For easy access, you can always find a link to the right side column of our blog.


Thursday, August 15, 2013

Translating "además"

The term "además" is central in Polo's transcendental anthropology. The word is, however, difficult to translate into English. Added to the this is the fact that Polo's use of it in Spanish is already unusual.

Polo uses "además" to express the adverbial character of the human person. For example, according to his transcendental anthropology, Polo the human person is  "un ser además."

Thus, a correct English translation would ideally be an adverb and one that goes well with verbs such as being.

Test phrases:
1. "Si no me limito a pensar, precisamente porque el pensar es límite, soy además. ¿Además de qué? Ante todo, además de pensar."
2. "Además no significa añadir, ni es un añadido, sino que significa estar más allá y en ese más allá estar el además."

Possible candidates for an English word that would translate "además" include,
a) evermore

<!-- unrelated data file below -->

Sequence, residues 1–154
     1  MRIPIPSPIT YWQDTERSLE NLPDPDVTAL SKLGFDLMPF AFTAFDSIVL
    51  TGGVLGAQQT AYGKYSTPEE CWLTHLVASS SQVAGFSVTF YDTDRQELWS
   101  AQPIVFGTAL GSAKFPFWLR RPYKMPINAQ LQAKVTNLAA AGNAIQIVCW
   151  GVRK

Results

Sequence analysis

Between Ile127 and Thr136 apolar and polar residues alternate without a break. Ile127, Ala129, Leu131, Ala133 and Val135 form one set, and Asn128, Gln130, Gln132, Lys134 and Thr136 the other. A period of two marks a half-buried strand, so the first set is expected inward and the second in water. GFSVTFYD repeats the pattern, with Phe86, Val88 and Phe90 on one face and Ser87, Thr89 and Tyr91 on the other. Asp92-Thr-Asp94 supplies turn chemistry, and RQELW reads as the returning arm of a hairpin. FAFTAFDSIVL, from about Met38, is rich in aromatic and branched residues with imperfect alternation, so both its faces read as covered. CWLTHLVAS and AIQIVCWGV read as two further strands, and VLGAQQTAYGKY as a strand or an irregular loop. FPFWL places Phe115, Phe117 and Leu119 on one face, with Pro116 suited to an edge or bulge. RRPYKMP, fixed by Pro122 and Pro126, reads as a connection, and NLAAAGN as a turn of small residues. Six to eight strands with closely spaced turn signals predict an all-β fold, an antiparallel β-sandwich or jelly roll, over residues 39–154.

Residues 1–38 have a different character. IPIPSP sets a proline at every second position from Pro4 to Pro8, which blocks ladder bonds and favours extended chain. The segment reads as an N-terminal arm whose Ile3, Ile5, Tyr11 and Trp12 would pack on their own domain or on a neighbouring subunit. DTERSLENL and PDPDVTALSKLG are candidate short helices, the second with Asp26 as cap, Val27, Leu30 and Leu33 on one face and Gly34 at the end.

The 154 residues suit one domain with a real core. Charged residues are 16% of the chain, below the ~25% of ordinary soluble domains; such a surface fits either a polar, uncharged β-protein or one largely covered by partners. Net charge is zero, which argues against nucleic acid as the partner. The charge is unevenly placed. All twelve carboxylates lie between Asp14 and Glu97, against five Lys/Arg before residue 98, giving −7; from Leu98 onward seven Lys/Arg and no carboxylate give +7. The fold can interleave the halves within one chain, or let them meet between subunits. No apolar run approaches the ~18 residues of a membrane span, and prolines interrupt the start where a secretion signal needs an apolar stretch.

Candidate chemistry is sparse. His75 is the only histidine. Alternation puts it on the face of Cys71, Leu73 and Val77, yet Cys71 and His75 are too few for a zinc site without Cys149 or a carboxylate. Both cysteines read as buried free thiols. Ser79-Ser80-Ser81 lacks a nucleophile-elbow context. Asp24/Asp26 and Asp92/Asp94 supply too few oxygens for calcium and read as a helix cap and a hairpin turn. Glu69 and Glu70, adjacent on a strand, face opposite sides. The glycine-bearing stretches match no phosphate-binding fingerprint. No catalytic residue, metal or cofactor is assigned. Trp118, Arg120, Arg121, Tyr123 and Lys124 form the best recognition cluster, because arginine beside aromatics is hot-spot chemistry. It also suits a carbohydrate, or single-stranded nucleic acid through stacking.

b) additionally
c) beyond

Evermore was used by S. Piá.

Advantages: it is an adverb; flows well with phrases; its archaic character gives it a nice philosophical-technical sound to it.

Disadvantages: archaic, might sound a bit too rhetorical

Test phrases:
"If I am not limited to thinking, precisely because thinking is the limit, I am evermore. Evermore than what? Above all, evermore than thinking."
"Evermore does not mean adding, nor something added, but rather being beyond and it is in this beyond that evermore is."

Additionally is currently (but provisionally) preferred by R. Esclanda.

Advantages: it is an adverb; flows decently with phrases; is a word that is currently used in English (unlike evermore).

Disadvantages: may sound too simple

Test Phrases:

"If I am not limited to thinking, precisely because thinking is the limit, I am additionallyAdditionally to what? Above all, additionally to thinking."
"Additionally does not mean adding, nor something added, but rather being beyond and it is in this beyond that additionally is."

Beyond was tentatively suggested at some point (by A. Vargas?)

Advantages: can be used as an adverb; emphasizes that a constant tendency to go "beyond"

Disadvantages: has a spacial connotation; gives the impression that one goes from somewhere to some other place that is beyond

"If I am not limited to thinking, precisely because thinking is the limit, I am beyondBeyond what? Above all, beyond thinking."
"Beyond does not mean adding, nor something added, but rather being beyond and it is in this beyond that beyond is."

Any observations or other suggested translations?

Wednesday, August 14, 2013


This is a blog for all those interested in discussing topics related with translating Leonardo Polo's works from Spanish into English. Enjoy!